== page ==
Baltimore Evening Sun (1 December 1913): 6.


Once the Heller bichloride ordinance is upon the suffering books, will there be further ordinances regulating the sale of caustic soda, methyl alcohol, copperas, muriatic acid and quicklime? All of these substances are violent poisons, and yet all of them may be purchased today by any adult, and in unlimited quantities. Why not make every tinner get a physician’s prescription before he may have acid for his work? Why not wrap the mantle of a low-comedy law around vitriol, sal ammonica, Bordeaux mixture, cynanide of potassium, dog soap? Why not abolish suicide altogether by prohibiting the manufacture of rope, cutlery and fire-arms, and filling Druid Lake?

Footnote on prohibition in Georgia from the estimable Pineville Herald:

Another Georgia town has voted in favor of saloons, and here is the reason given by a citizen: If we are going to stand for our women folks wearing shadow skirts and slit skirts and transparent skirts, and our younger women learning to dance the boll weevil wiggle, the Texas Tommy tango, the bunny hug, the bear dance, the half centre, the buzzard flop and the puppy huddle, and so on down the line, then the men filk might just as well have their saloons, and the whole push go to hell together.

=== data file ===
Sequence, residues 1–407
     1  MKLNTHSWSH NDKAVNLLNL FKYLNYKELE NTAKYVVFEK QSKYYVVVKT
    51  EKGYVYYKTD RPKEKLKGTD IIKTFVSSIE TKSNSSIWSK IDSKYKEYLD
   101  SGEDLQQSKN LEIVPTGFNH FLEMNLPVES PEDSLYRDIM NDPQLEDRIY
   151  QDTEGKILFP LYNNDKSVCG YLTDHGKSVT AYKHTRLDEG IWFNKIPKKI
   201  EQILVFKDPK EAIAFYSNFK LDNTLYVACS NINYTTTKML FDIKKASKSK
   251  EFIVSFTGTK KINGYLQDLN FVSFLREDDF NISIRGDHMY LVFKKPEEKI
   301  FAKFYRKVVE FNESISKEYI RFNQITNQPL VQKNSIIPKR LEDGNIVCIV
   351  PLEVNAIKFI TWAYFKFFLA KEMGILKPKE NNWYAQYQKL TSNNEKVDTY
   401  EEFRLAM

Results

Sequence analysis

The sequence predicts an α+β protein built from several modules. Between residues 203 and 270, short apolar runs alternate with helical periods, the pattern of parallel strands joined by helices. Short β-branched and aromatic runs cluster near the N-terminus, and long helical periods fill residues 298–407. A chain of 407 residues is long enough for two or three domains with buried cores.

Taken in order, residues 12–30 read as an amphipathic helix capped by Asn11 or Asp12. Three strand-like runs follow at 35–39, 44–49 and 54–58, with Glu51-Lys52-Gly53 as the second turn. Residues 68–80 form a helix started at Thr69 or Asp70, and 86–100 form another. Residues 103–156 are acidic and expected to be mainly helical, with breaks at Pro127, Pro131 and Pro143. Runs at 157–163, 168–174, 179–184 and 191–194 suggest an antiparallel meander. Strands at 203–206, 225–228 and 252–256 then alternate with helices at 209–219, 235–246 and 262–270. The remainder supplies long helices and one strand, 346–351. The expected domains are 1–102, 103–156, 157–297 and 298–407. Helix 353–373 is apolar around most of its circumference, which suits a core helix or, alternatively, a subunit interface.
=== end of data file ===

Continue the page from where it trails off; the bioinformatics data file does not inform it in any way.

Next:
Liberty is the first and greatest necessity.—Henrik Ibsen.

Solemn warning to the Hon. William H. Anderson, the celestial gladiator:

He practiced playing on the harp,
For Heaven was his goal,
But old Saint Peter was too sharp,
And now he’s shoveling coal!

The uplift seems to be striking snags in the South. The city of Atlanta, after having been cleaned up by a posse of pious young sports, is now enjoying what the yellow journals call a carnival of crime, and the estimable Atlanta Constitution fills its first page with bellows for relief. The Hon. Mr. Beavers, chief of police of Atlanta, enjoys the distinction of being the only police chief in the United States who believes in the armed dispersion of prostitutes. He was converted during the cleaning up aforesaid and now serves as Exhibit A for the vice crusaders. A somewhat embarrassing Exhibit A!